University lecturers stick to 113 percent pay hike
University of Malawi (Unima) management met lecturers’ representatives in Malawi’s capital, Lilongwe, last week to communicate the 21 percent salary increment government has offered.
But the lecturers rejected the offer, according to representatives of the Chancellor College Academic Staff Union (Ccasu) and the Polytechnic Academic Staff Committee on Welfare (Pascow).
Ccasu president Sunduzwayo Madise said despite the 21 percent offer, the 113 percent salary increment demand by the lecturers still stands.
He said Ccasu is going to meet for a way forward. Madise said the Unima management proceeded to meet officials at the Treasury over the issue but did not brief the dons on the outcome of that meeting.
Pascow secretary general Gift Khangamwa, in a separate interview, said his union rejected the 21 percent offer. He said their demand remains the same, 113 percent.
Initially, government offered 15 percent salary increment to all employees in parastatals, but was forced to make the 21 percent salary hike later in an apparent effort to avert any industrial action.
Lecturers at the Polytechnic in Blantyre are already on strike; Chancellor College in Zomba declared dispute on August 15 this year and gave 21-day notice and at College of Medicine, some services have been affected.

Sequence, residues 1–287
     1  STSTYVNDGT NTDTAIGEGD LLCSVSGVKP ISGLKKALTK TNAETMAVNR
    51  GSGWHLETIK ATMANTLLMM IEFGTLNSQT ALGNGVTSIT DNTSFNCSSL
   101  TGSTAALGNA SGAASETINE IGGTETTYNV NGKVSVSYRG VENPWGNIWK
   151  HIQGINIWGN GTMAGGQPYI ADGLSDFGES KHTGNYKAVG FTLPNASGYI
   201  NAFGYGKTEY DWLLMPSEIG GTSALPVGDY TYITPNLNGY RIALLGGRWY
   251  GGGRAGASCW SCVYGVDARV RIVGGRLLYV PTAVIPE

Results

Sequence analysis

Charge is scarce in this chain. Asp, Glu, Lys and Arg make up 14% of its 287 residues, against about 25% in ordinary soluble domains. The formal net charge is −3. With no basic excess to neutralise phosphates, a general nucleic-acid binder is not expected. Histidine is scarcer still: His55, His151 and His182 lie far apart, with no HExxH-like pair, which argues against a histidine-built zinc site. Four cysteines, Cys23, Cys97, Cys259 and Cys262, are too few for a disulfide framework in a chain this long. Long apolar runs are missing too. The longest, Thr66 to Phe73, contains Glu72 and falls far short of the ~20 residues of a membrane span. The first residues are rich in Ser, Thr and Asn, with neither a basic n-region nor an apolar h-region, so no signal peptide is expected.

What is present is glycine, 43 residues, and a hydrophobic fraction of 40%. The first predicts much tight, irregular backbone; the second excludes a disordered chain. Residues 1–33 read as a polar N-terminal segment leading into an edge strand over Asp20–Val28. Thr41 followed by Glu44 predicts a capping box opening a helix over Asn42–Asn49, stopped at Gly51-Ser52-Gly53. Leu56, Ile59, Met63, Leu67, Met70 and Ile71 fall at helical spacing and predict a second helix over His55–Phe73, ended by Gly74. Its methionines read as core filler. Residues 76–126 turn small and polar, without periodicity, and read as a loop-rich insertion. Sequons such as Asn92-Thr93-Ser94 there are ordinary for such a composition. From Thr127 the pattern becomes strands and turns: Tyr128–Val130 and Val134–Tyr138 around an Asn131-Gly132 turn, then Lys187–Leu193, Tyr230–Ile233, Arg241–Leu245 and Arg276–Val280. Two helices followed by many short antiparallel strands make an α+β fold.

On the other hand, Unima support staff, through the University Workers Trade Union (UWTU), are demanding a 75 percent salary increment.
Civil Society Education Coalition executive director Benedicto Kondowe on Monday said as a way forward, there is need for transparency and accountability in the way salary matters are addressed.
Said Kondowe: “As a standard practice, salary increment should be negotiated and that where employer is unable to implement wholesomely, an internal agreement should be agreed upon over a given period satisfactory to both parties.
“Unima should also embrace transparency and accountability to foster cooperation between itself and the employees. In critical decisions, some level of engagement is paramount, and this calls for selflessness.”
Kondowe appealed to government to be pro-active and act on recommendations from previous studies on the conditions of lecturers in the university.